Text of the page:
In his book, Notes From A Small Island, Bryson gives the readers his insights of the British life. Before moving back to his native land, America, with his family, Bryson took a tour of England. He reflects on the many different facets of the English way of life. He cheerfully narrates intriguing and funny anecdotes about the British land. The book also ponders over the many endearing qualities of the Britishers. He visits popular places like London and Blackpool, and goes on to explore less-known towns. He uses the public transport to travel and explore many modern cities and historic landmarks. The book offers a careful look into what makes the Britishers distinctive. Bryson pokes fun at the quirks of the British culture and the British people, but also presents its charming side.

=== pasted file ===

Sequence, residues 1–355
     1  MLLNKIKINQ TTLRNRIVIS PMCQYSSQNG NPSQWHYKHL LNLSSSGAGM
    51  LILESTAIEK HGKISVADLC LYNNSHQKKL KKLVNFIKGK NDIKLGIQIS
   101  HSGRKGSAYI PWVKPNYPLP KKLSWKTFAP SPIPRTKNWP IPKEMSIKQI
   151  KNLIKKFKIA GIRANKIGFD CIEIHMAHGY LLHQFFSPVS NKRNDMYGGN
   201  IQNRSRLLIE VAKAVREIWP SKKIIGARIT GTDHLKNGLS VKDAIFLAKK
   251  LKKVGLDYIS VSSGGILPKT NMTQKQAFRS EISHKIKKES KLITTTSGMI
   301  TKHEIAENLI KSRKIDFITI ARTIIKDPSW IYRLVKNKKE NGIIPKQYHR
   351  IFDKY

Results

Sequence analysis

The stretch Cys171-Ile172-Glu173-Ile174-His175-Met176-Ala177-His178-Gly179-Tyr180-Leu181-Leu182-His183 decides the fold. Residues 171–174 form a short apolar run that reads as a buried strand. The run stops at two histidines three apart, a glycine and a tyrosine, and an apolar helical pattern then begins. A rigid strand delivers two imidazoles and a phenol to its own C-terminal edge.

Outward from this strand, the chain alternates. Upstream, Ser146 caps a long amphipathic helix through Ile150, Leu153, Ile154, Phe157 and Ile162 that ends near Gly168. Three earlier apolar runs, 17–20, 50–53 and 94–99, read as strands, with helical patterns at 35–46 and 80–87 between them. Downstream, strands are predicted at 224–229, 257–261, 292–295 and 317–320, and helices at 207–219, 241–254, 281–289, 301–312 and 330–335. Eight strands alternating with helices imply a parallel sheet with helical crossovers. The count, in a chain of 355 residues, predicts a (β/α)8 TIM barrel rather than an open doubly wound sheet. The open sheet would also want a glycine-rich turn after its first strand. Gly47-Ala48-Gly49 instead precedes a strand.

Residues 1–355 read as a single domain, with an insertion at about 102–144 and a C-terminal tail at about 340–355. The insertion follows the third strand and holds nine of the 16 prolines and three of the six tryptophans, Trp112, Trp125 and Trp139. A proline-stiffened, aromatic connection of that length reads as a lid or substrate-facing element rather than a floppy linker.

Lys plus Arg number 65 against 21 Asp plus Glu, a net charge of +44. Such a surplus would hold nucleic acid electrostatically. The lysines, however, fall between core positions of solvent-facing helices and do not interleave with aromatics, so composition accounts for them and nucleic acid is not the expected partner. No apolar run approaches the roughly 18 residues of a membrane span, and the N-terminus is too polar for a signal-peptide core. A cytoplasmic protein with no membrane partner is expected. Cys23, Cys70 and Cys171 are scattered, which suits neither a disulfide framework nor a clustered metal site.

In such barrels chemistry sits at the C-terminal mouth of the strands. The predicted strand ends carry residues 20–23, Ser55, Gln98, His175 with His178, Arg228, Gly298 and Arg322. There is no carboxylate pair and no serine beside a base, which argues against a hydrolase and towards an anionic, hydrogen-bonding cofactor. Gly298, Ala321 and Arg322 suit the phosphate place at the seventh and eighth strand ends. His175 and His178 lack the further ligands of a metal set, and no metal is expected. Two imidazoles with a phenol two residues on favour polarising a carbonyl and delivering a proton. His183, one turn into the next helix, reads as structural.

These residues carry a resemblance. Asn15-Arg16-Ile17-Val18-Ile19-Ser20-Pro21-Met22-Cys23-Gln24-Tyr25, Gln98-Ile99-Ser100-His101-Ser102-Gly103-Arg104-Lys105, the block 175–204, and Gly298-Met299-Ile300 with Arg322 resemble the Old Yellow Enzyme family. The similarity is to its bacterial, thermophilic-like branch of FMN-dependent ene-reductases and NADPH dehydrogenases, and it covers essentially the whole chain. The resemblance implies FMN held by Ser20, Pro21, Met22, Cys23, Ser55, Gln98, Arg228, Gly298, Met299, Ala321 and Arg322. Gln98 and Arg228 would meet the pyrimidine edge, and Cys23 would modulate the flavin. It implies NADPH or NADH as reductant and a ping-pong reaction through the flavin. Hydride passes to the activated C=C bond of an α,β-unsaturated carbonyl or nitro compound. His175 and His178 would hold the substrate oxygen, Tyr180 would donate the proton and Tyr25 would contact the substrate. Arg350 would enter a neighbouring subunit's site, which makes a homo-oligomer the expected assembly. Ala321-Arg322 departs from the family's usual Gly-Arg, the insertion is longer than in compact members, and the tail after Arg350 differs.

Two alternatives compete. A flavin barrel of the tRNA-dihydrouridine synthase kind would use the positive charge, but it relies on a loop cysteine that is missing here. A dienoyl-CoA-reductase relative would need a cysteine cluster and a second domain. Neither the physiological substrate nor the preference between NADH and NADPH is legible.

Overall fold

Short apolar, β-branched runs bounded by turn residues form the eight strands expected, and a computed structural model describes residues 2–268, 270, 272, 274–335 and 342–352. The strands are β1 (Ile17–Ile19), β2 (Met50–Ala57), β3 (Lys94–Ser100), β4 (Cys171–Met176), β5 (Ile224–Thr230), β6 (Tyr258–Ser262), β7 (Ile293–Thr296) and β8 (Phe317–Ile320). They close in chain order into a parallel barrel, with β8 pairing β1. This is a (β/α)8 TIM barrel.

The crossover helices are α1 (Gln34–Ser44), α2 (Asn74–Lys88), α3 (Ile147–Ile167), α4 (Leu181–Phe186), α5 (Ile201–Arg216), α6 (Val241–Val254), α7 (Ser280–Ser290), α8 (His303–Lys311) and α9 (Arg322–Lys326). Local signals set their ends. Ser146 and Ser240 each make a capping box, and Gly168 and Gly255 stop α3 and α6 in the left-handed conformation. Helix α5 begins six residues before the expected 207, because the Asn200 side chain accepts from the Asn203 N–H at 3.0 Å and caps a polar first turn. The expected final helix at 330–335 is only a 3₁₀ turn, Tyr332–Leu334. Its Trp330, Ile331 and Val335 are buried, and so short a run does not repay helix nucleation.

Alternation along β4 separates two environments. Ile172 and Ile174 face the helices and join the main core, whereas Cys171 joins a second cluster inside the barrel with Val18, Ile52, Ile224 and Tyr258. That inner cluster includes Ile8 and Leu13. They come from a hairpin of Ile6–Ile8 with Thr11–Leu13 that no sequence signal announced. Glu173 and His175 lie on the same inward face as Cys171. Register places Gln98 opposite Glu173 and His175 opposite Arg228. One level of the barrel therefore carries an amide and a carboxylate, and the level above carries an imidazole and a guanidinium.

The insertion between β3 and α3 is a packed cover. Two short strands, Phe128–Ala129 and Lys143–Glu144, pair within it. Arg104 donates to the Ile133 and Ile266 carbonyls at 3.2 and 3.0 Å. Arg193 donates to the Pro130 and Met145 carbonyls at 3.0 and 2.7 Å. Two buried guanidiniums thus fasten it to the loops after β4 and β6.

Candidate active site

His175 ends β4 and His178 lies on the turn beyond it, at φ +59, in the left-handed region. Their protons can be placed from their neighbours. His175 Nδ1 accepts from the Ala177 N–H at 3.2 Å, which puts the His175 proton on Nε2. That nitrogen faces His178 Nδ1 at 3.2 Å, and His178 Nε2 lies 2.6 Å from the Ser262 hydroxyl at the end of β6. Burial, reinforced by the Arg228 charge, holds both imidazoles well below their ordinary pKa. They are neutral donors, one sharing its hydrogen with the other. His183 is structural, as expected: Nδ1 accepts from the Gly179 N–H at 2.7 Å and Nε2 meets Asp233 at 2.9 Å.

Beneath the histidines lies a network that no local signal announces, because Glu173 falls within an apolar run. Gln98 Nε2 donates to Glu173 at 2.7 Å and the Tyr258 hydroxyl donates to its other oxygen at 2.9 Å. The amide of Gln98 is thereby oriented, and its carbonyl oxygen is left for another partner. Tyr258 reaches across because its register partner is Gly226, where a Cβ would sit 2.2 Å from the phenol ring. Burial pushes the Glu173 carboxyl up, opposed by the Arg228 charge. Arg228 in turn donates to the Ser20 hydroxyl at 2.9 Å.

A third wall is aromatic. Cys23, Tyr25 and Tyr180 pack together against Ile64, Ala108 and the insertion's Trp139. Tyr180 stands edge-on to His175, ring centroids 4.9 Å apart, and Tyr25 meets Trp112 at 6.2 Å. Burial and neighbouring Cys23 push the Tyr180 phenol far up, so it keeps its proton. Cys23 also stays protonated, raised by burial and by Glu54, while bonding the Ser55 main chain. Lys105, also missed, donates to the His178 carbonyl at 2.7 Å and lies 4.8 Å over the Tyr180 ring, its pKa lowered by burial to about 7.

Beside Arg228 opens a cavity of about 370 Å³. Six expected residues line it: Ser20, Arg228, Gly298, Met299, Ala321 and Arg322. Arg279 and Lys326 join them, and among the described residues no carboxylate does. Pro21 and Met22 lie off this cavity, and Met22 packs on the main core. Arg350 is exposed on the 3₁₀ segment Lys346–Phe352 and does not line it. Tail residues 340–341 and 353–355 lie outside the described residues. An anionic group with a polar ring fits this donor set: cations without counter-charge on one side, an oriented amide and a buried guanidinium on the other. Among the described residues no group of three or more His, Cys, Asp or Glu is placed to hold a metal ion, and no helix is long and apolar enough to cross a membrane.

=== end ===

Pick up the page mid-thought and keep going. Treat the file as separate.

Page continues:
Bryson notes that there are 445,000 historical buildings which are listed, 1,500,000 acres of common land, 12,000 churches of the medieval period and 600,000 archaeological sites. He presents his views on the architecture, the food, queuing, puddings, and hedgerows. Bryson also humorously describes the different characters that he meets on his journey. In his travelogue, he interweaves his own life story, his marriage and jobs. He notes the changes that Britain has undergone and the changes he finds. He watches the scenery, the services, the people, the restaurants, and comments on the weather. Notes From A Small Island has remained a bestseller since its publication in 1995. In the World Book Day poll of 2003, the book was voted by the BBC Radio 4 listeners as the book which best represented Britain. In 1998, the book was adapted into a series by Carlton Television. An audio book format has also been made.